The Racing Card

The Bet - Who will be the next political editor for the BBC?

Huw Edwards 3-1
Adam Boulton 4-1
John Pienaar 5-1
Jeremy Vine 6-1
Jon Sopel 10-1
Jon Craig 25-1

Last week's bet on who would be the next political editor of ITN had many readers rushing to Ladbrokes to put money on. Unfortunately the bookies won't take money on this type of bet, as they fear that someone who knows will make a killing. As it turned out, nobody tipped John Sergeant who we now know will get the job. The odds here are based on my discussions with BBC insiders.

Huw Edwards has got a lot of stick as the new Six O'Clock News reader, but he was one of the best political correspondents, and if he puts on a few stone to look more like a political hack, he should walk into the job. Adam Boulton complained when I tipped him for the ITN job - not because I had him as favourite, but because I revealed his £200,000-plus salary. Unless Greg Dyke uses some of his own millions, the BBC can't afford him. John Pienaar is well regarded, and I can vouch that he doesn't take any crap from spin-doctors. But his lack of respect for the boss class may count against him.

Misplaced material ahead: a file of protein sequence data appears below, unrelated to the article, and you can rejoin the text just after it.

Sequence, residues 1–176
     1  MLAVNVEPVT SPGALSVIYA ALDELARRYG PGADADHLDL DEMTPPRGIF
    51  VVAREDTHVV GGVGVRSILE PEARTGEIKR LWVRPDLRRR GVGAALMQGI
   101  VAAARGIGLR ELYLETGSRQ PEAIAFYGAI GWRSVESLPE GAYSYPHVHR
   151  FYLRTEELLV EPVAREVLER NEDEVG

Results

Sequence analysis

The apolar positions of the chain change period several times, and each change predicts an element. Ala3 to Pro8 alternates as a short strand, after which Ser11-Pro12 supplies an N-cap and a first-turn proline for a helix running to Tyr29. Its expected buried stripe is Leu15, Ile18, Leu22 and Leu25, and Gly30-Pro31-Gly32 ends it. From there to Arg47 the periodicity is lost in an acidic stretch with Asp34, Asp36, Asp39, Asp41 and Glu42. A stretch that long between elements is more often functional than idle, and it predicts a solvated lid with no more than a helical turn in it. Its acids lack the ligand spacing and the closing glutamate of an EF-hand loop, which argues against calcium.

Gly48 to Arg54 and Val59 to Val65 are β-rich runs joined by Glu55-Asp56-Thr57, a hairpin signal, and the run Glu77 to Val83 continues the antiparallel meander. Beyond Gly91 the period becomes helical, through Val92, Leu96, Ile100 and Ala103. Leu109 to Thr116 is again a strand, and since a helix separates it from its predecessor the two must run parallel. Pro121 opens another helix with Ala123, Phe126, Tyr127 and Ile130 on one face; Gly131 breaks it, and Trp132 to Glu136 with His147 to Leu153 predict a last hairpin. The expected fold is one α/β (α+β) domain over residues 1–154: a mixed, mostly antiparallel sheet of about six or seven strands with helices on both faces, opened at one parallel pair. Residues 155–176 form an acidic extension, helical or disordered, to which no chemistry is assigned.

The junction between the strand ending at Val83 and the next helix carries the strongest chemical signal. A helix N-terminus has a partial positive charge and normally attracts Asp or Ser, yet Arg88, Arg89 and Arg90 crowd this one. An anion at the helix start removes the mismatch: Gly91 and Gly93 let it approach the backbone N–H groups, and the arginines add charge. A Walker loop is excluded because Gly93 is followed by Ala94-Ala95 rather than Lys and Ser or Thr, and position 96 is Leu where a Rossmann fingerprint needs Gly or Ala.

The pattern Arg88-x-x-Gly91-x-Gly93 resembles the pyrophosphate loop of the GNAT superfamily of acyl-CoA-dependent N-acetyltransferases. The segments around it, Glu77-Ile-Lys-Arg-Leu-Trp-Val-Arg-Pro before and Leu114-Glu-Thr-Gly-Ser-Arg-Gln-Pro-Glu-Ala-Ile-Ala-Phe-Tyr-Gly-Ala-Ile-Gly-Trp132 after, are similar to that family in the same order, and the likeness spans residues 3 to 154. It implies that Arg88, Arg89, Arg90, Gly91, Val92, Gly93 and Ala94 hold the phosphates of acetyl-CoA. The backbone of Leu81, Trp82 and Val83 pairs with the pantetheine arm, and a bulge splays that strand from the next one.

Jeremy Vine of Newsnight is keen to get the job. No 10's favourite broadcaster Jon Sopel has been moved to Paris, but even the BBC wouldn't dare call him back. Robin Oakley, the current incumbent who is expected to retire soon, was appointed from outside the BBC and has had to put up with constant backbiting. The BBC is unlikely to do the same again. If it did, the best of the lobby hacks on TV is the political editor of the Sunday Express, Jon Craig. No women are in the frame as political reporting is the last bastion of male chauvinism. The talents of, say, Carolyn Quinn, Carol Walker, Emma Udwin and Reeta Chakrabarti will be passed over.

Charlie Whelan

This article first appeared in the 24 January 2000 issue of the New Statesman, The New Statesman Essay - The tyranny of the brands